In a joint statement after meeting on the margins of the Association of Southeast Asian Nations foreign ministers’ gathering, Mr Blinken and the foreign ministers of Australia and Japan, Penny Wong and Yoshimasa Hayashi, urged China to immediately cease the exercises and condemned the use of ballistic missiles.

The senior officials “expressed their concern about the People’s Republic of China’s recent actions that gravely affect international peace and stability, including the use of large-scale military exercises”.

China’s foreign minister, Wang Yi, and his Russian counterpart, Sergei Lavrov, walked out of a plenary session in Cambodia just as Hayashi spoke on Friday. Mr Wang also called a rare news conference late on Friday, where he accused Blinken of spreading misinformation.

The drills around Taiwan are scheduled to mostly finish on Sunday, but further exercises in the Yellow Sea have been announced beginning next week.

Taiwan also reported that it had been hit by cyberattacks this week, including the websites of the president’s office and the ministries of foreign affairs and defence, as well as display screens in 7-Eleven stores and some train stations.

Wu Min-hsuan, the head of the Taiwan-based cybermonitoring group Doublethink Labs, said there used to be serious concerns over Chinese Government cyberwarfare but that this week’s attacks were mild and highlighted weak digital links that Taiwan needed to address.

“They want to create an image that says your security is weak and we are powerful,” he said.

Like the world’s media, people in Taiwan are following the events closely. But Li Ya Chen, a 35-year-old journalist who spent two years in Shanghai between 2017 and 2019, said despite Beijing’s antagonistic response, people in Taiwan were “not overly worried”.

“Pelosi’s visit last week showed that ultimately Taiwan wants good relations with the US, and her trip could help elevate Taiwan’s international support. We are already used to Beijing’s fury, and we are well aware of the danger,” she said.

“The world thinks Taiwan is now the most dangerous place on Earth, but for most of us here, life goes on.” — Guardian

The Biden administration and Ms Pelosi have said the US remains committed to a “one-China” policy, which recognises Beijing as the Government of China but allows informal relations and defence ties with Taipei.

The administration discouraged but did not prevent Ms Pelosi from visiting.

China has also cut off defence talks to the US and imposed sanctions on Ms Pelosi in retaliation for the visit.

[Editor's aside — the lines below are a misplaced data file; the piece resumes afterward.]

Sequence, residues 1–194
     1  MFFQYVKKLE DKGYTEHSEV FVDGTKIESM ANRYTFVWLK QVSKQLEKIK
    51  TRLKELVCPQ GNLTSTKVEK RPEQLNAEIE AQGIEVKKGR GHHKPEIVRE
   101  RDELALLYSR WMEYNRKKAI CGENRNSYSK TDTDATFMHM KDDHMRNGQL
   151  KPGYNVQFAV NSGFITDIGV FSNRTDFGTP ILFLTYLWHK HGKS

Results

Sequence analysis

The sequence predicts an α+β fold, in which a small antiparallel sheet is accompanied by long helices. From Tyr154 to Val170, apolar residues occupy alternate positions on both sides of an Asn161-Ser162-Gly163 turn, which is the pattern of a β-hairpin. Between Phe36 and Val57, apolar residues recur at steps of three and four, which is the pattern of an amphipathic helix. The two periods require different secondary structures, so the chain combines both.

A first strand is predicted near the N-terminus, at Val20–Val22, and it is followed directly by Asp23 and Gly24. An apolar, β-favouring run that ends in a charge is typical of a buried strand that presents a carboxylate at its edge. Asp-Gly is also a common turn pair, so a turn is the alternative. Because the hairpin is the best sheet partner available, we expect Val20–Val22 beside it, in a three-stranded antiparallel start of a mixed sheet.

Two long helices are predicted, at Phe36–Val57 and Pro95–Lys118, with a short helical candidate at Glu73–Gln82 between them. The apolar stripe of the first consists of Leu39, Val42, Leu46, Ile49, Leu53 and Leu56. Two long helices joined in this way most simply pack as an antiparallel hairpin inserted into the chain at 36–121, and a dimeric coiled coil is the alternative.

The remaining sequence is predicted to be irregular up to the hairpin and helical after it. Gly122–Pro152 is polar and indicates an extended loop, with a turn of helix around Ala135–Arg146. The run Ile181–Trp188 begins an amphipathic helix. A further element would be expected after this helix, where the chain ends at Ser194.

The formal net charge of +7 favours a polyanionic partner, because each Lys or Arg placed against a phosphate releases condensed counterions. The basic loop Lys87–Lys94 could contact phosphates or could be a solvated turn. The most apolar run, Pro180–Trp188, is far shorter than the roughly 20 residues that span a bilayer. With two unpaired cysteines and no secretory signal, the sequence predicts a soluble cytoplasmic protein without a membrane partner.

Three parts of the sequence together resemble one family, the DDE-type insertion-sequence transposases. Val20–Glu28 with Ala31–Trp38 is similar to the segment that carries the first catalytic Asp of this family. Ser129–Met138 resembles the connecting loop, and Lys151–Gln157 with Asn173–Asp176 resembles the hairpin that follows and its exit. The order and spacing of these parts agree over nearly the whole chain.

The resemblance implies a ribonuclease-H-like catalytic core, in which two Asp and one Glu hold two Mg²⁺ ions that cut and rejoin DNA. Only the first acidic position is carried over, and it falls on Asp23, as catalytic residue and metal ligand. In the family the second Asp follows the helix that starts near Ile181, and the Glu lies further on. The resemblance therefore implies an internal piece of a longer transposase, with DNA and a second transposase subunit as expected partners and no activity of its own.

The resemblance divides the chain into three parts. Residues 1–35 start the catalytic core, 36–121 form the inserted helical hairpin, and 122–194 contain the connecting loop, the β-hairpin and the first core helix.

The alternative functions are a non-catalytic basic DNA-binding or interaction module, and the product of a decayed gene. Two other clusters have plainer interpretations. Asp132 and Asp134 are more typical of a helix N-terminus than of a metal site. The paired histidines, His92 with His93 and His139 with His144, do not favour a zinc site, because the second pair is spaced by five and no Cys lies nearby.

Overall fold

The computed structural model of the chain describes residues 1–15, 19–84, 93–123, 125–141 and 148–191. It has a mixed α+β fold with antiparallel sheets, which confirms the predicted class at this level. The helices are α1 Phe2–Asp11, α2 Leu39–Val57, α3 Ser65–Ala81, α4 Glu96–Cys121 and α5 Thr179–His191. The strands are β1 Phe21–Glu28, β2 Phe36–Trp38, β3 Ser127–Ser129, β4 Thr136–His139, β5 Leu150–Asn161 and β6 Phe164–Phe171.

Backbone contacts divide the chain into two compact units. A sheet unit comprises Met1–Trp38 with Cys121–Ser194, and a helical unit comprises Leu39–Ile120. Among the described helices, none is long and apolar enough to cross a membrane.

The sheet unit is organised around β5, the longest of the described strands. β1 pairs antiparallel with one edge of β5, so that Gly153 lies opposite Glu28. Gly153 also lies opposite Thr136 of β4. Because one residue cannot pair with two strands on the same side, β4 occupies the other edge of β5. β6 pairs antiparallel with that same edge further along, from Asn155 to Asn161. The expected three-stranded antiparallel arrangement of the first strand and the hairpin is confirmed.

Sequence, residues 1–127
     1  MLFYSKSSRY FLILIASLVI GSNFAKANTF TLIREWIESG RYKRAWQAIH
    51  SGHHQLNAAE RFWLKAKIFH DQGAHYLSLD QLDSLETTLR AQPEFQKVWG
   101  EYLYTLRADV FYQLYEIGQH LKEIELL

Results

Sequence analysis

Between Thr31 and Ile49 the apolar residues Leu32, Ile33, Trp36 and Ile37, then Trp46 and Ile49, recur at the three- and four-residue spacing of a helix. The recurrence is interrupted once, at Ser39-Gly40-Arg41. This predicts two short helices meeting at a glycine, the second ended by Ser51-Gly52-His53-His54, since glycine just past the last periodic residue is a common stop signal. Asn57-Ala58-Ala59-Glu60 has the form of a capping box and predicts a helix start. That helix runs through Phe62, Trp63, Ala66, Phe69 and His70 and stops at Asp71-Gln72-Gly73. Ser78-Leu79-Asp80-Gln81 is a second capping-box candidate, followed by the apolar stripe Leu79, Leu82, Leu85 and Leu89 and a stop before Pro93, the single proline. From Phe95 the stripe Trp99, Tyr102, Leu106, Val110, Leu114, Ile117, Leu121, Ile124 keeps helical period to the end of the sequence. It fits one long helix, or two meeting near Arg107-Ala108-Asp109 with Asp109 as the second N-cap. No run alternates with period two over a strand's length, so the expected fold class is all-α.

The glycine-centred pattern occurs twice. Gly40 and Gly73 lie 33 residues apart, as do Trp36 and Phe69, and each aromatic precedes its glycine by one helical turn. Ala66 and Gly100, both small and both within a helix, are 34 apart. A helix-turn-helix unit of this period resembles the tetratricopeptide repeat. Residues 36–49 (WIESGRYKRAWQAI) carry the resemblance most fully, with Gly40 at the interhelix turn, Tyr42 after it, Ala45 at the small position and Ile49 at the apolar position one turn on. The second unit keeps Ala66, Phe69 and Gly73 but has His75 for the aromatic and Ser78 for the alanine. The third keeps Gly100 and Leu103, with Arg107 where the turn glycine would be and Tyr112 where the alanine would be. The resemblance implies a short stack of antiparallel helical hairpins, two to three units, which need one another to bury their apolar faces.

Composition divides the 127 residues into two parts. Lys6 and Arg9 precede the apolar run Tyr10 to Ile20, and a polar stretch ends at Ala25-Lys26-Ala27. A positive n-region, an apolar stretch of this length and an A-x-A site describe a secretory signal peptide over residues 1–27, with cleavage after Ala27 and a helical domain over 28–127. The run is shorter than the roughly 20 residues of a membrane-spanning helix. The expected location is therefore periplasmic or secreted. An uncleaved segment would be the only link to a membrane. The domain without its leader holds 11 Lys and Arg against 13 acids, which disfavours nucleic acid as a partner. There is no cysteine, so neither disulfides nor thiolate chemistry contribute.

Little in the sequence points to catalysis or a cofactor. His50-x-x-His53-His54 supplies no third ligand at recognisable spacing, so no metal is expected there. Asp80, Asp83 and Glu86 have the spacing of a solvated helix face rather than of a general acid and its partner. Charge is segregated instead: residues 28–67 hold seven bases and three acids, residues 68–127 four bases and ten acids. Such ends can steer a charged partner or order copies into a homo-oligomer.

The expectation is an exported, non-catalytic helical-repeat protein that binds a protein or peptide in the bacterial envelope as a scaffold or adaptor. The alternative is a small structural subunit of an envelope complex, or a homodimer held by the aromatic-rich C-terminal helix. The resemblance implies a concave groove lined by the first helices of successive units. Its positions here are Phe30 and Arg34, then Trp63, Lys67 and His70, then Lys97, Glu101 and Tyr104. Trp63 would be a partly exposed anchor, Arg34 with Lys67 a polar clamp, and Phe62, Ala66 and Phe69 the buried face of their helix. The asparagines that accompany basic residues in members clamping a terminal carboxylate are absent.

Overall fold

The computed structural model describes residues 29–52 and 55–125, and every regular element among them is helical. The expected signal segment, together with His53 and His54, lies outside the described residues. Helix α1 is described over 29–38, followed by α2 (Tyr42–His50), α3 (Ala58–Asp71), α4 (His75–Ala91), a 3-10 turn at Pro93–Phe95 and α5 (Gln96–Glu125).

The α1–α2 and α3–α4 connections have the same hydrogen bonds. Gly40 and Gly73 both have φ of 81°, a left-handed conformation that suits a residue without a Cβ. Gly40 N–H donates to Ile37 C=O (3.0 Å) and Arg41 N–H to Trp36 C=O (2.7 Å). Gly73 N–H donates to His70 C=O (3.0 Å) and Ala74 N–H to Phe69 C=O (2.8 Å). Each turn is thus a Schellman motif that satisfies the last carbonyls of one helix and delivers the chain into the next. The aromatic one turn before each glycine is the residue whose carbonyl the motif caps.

Ms Pelosi has been a long-time advocate of human rights in China.

She, along with other legislators, visited Beijing’s Tiananmen Square in 1991 to support democracy two years after a bloody military crackdown on protesters at the square.

Meanwhile, cyberattacks aimed at bringing down the website of Taiwan’s Ministry of Foreign Affairs had doubled between Thursday and Friday, compared with similar attacks before Ms Pelosi’s visit, said Taiwan’s Central News Agency.

The ministry did not specify the origin of the attacks.

Other ministries and Government agencies, such as the Ministry of Interior, also faced similar attacks on their websites, said the report.

A distributed-denial-of-service attack is aimed at overloading a website with requests for information that eventually crashes it, making it inaccessible to other users.

Also on Saturday, the Central News Agency reported that the deputy head of the Taiwan Defence Ministry’s research and development unit, Ou Yang Li-hsing, was found dead in his hotel room after suffering a heart attack.

He was 57 and had supervised several missile production projects.

The report said his hotel room in the southern county of Pingtung, where he was on a business trip, showed no signs of intrusion.

Taiwanese overwhelmingly favour maintaining the status quo of the island’s de facto independence and reject China’s demands that the island unify with the mainland under communist control.

Globally, most countries subscribe to the “one-China” policy, which is a requirement to maintain diplomatic relations with Beijing.

Any company that fails to recognise Taiwan as part of China often faces swift backlash, often with Chinese consumers pledging to boycott its products.

On Friday, Mars Wrigley, the manufacturer of the Snickers chocolate bar, apologised after it released a video and materials featuring South Korean boy band BTS that had referred to Taiwan as a country, drawing swift criticism from Chinese users.

In a statement on its Weibo account, the company expressed “deep apologies”.

“Mars Wrigley respects China’s national sovereignty and territorial integrity and conducts business operations in strict compliance with local Chinese laws and regulations,” the statement said.

In a separate post, the firm said that there is “only one China” and said that “Taiwan is an inalienable part of China’s territory”. — Guardian/AP